• Leucine's Benefit As A Supplement

      By Anthony Roberts

      Leucine has been the talk of the protein world for awhile now, and we’ve seen numerous leucine-rich supplements hit the market in the past few years. And while it’s undoubtedly important, and seems that the most current research is now swinging the other way, as it has been shown to not produce any additional effects when combined with whey protein, and now a more recent study has taken it a step further and shown that a leucine-rich protein supplement does nothing to improve performance (as long as you’re getting enough protein, otherwise). It would seem to me that total protein requirements, if met, abrogate the need for high quality protein; though I still think that if someone isn’t getting adequate protein, the use of a higher-quality source would likely produce tangible results.

      Leucine, for most athletes and bodybuilders who have their nutrition in order, just isn’t going to produce additional results, no matter how you dress her up.

      Med Sci Sports Exerc. 2011 Jun 16. [Epub ahead of print]
      A Protein-Leucine Supplement Increases BCAA and Nitrogen Turnover but not Performance.

      Nelson AR, Phillips SM, Stellingwerff T, Rezzi S, Bruce SJ, Breton I, Thorimbert A, Guy PA, Clarke J, Broadbent S, Rowlands DS.

      School of Sport and Exercise, Massey University, Wellington, New Zealand; 2Department of Kinesiology, McMaster University, Hamilton, Ontario, Canada; 3Nestle Research Center, Lausanne, Switzerland; 4School of Sport and Exercise Science, Victoria University, Melbourne, Victoria, Australia.



      To determine the effect of post-exercise protein-leucine co-ingestion with carbohydrate-lipid on subsequent high-intensity endurance performance, and to investigate candidate mechanisms using stable isotope methods and metabolomics.


      In a double-blind randomized crossover, 12 male cyclists ingested a leucine/protein/carbohydrate/fat supplement (LEUPRO, respectively 7.5/20/89/22 g·h) or isocaloric carbohydrate/fat control (119/22 g·h) 1-3 h post-exercise during a 6-day training block (intense intervals, recovery, repeated-sprint performance rides). Daily protein intake was clamped at 1.9 (LEUPRO) and 1.5 g·kg·d (control). Stable isotope infusions (1-C-leucine and 6,6-H2-glucose), mass-spectrometry based metabolomics, and nitrogen balance methodology were used to determine effects of LEUPRO on whole-body branch-chain amino acid (BCAA) and glucose metabolism, and protein turnover.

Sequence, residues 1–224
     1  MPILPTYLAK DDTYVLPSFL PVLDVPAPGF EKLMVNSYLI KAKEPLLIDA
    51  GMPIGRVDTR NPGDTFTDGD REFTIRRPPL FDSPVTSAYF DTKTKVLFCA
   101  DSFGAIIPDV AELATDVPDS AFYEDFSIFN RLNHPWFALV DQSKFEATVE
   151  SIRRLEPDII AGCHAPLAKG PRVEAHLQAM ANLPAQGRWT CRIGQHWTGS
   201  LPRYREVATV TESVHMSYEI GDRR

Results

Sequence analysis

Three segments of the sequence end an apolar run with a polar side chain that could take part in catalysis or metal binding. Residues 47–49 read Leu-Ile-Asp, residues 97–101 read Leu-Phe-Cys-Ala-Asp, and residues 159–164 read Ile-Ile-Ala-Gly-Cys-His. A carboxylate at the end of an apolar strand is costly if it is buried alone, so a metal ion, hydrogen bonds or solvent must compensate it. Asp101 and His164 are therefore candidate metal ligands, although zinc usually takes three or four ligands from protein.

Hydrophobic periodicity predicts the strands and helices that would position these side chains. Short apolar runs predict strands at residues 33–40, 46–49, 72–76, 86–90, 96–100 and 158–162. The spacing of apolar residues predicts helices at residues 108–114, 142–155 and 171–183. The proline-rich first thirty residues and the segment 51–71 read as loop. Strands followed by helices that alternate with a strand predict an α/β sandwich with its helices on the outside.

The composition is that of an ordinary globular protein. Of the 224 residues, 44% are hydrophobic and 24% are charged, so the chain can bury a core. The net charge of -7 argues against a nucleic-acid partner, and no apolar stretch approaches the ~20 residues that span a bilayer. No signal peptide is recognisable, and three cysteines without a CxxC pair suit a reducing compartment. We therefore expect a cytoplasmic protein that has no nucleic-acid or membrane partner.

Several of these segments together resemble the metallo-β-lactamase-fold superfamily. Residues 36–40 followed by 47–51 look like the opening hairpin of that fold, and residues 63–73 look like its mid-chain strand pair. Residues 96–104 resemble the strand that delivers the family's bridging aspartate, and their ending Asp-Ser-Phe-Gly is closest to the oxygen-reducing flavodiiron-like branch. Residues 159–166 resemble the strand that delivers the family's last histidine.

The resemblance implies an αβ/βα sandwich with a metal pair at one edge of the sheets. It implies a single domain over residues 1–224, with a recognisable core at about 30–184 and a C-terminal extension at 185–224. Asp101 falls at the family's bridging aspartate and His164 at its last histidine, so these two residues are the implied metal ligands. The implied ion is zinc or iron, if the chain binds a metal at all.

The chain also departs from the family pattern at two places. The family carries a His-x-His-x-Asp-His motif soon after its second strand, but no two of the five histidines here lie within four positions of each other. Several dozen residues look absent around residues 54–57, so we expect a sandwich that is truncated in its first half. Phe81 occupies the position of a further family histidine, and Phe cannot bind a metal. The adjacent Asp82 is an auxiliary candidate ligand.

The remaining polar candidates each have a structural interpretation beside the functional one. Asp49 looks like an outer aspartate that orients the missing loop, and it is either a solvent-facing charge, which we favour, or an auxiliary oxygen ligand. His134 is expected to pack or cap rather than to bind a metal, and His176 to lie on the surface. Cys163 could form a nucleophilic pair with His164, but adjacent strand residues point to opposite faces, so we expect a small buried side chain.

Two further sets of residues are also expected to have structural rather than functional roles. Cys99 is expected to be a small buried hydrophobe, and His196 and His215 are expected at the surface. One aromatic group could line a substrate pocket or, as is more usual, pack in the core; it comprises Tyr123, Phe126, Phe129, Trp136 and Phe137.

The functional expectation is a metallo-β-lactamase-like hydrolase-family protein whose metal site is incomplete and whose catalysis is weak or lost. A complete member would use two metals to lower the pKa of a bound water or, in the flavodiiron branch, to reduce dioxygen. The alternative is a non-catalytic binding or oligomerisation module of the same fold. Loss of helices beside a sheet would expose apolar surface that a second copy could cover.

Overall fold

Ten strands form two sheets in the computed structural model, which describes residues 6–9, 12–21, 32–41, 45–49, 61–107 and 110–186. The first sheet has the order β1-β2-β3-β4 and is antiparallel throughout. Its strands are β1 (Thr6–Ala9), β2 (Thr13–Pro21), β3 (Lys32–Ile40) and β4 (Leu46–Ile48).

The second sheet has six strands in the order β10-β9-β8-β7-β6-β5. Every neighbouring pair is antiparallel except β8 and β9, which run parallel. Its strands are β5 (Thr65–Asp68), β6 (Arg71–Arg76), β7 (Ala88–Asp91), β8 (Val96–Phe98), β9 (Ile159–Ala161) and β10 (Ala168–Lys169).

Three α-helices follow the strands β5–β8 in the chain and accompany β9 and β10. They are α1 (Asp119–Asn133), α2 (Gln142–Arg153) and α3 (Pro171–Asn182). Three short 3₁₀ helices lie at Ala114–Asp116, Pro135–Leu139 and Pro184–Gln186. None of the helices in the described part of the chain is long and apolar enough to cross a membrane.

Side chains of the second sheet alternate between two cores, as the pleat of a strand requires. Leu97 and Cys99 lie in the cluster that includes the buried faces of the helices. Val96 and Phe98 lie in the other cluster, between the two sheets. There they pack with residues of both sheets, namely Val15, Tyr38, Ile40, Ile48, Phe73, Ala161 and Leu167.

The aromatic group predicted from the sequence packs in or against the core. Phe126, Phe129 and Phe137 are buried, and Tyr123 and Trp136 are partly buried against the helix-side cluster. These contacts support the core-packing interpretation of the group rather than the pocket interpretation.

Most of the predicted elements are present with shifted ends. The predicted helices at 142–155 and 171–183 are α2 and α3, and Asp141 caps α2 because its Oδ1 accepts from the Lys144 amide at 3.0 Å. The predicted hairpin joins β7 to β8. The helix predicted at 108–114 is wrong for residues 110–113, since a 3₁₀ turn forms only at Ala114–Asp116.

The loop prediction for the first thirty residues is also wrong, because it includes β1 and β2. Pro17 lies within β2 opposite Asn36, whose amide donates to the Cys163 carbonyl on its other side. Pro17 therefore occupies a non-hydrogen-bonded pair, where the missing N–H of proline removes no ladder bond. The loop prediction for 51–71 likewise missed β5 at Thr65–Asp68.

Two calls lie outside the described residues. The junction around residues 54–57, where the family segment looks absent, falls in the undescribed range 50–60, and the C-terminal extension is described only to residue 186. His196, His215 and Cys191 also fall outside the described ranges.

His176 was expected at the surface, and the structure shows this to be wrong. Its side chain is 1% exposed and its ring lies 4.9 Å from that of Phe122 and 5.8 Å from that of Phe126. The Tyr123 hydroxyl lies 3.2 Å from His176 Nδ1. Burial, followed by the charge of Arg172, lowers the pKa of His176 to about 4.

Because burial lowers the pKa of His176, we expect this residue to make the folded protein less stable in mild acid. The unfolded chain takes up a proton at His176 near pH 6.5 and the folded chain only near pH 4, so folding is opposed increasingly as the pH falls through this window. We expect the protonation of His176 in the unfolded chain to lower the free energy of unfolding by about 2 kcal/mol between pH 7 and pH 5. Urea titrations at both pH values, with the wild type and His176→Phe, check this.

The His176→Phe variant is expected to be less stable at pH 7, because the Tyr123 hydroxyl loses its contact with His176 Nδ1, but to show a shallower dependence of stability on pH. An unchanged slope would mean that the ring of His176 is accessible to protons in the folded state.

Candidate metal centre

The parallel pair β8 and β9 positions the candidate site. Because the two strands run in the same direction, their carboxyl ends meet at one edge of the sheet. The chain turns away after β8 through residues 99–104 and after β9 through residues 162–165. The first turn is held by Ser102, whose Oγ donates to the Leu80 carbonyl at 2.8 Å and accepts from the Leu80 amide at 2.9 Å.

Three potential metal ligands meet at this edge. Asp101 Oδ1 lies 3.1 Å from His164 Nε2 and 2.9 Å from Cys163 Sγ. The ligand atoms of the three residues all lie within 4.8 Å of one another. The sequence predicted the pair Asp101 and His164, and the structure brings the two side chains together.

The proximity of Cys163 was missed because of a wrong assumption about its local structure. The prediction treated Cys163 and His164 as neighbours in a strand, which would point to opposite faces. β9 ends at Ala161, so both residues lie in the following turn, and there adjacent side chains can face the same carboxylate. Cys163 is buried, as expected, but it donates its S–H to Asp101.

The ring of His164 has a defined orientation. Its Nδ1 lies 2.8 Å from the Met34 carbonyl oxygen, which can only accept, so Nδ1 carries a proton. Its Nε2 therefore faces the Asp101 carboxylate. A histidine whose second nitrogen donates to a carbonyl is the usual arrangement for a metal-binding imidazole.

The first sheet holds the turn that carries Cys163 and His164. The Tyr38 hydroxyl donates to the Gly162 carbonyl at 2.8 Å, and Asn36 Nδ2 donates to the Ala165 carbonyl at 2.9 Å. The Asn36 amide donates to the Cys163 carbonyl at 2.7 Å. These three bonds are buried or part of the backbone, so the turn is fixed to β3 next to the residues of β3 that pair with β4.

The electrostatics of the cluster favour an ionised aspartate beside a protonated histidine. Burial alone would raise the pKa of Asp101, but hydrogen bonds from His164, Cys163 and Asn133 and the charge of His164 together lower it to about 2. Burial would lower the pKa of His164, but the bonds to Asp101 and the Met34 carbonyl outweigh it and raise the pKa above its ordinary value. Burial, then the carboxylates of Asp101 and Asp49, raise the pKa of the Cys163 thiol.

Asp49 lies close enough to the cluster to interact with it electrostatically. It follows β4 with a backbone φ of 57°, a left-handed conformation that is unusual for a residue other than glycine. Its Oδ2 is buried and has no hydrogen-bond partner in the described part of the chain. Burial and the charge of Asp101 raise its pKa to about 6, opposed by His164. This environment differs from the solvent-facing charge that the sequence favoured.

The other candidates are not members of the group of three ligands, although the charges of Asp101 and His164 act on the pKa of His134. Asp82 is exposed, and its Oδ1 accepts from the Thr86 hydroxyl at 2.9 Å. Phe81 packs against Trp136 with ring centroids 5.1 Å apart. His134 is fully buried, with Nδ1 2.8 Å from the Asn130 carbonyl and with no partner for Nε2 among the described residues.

Following exercise, LEUPRO increased BCAAs in plasma (2.6-fold; 90%CL ×/÷1.1) and urine (2.8-fold; ×/÷1.2), and products of BCAA metabolism plasma acylcarnitine C5 (3.0-fold; ×/÷0.9) and urinary leucine (3.6-fold; ×/÷1.3) and β-aminoisobutyrate (3.4-fold; ×/÷1.4), indicating ingesting ∼10 g·leucine·h-1 during recovery exceeds the capacity to metabolise BCAA. Furthermore, LEUPRO increased leucine oxidation (5.6-fold; ×/÷1.1), non-oxidative disposal (4.8-fold; ×/÷1.1), and left leucine balance positive, relative to control. With the exception of day-1 (LEUPRO 17 ± 20 mg N·kg; control -90 ± 44 mg N·kg), subsequent (day 2-5) nitrogen balance was positive for both conditions (LEUPRO 130 ± 110 mg N·kg; control 111 ± 86 mg N·kg). Compared to control feeding, LEUPRO lowered the serum creatine kinase concentration by 21-25% (90%CL ±14%), but the impact on sprint power was trivial (day 4: 0.4% ±1.0%; day 6: -0.3% ±1.0%).


      Post-exercise leucine-protein supplementation saturates BCAA metabolism and attenuates tissue damage, but effects on subsequent intense endurance performance may be inconsequential under conditions of positive daily nitrogen balance.
      Source: http://www.anthonyroberts.info/2011/...ormance-study/
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